Tilting at a Poker Table Can Destroy Your Bankroll – Here is How to Overcome Tilt
There are many different ways a player can lose at the poker table. Tilting is one of the most common. We’ll tell you what it means to tilt in poker and how to avoid the trap.
It is rare to find a poker player who is completely immune from the effects of tilt. The classic scenario is a bad beat – followed by the ‘red mist’ falling. That player’s solid strategy now goes to pieces. Loose opens, crazy bluffs and hero calls follow. The effects are easy to predict, more losses – followed by even more crazy plays!
There is more to tilt than this classic case. This page outlines three major forms of poker tilt, and many ways you can beat them. As with everything in poker, practice makes perfect. The key factor is to have a plan – and to make sure that when tilt strikes, you are prepared for it.
Here is what you will find below:
Most people associate getting angry and playing crazy as tilt. When you break this down you will find that it can take more subtle forms too. Sure, anger is the most dangerous – though awareness of the signs of the other types is also important. Here are the 3 most common forms of poker tilt.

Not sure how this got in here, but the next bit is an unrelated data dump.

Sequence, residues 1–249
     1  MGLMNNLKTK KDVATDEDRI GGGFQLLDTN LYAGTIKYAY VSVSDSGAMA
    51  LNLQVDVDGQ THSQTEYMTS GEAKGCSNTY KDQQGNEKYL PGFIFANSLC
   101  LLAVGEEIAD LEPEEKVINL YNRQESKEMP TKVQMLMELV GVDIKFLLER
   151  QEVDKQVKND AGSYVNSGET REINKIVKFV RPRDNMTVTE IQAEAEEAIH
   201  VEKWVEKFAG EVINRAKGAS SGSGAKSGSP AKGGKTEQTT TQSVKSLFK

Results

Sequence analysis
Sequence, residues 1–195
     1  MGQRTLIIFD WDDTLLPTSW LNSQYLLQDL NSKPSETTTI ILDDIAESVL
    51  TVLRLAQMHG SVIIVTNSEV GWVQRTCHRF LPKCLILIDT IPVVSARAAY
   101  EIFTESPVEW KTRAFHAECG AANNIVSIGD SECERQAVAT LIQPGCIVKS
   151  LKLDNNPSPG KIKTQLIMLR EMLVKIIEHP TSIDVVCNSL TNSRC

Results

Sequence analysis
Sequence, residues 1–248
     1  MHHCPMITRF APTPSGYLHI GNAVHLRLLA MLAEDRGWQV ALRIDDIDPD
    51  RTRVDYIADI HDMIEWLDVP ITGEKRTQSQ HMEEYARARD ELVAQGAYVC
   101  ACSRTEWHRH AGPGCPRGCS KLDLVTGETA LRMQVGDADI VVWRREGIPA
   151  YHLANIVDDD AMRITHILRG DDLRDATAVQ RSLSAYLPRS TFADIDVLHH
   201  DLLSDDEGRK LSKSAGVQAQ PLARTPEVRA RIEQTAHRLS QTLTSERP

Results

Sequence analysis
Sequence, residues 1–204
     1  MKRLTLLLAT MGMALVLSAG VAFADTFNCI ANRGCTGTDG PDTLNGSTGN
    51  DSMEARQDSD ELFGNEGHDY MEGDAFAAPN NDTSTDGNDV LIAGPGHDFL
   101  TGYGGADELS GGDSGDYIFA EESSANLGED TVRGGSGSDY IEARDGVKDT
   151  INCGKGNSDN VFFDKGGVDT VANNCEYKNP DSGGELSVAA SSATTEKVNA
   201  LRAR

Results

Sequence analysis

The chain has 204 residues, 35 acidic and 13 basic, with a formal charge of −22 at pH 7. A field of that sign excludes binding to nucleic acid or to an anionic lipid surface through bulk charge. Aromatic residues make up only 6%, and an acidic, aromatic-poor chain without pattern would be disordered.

As you will see below, self-awareness is an important aspect of overcoming tilt. This starts with knowing what your triggers are.
The most common trigger is a series of bad beats. You get all-in with aces on the flop, only for your opponent to make a lucky flush by the river. You raise kings, only for an ace to flop (again!) and a raise + re-raise ahead of you means you have to fold.
If you do tilt after a single bad beat, then you have a problem which needs to be addressed right away. Mental toughness is a key attribute of winning high stakes poker. Without this you are unlikely to succeed. Even the best players will start to feel it when there are multiple bad-beats in a row.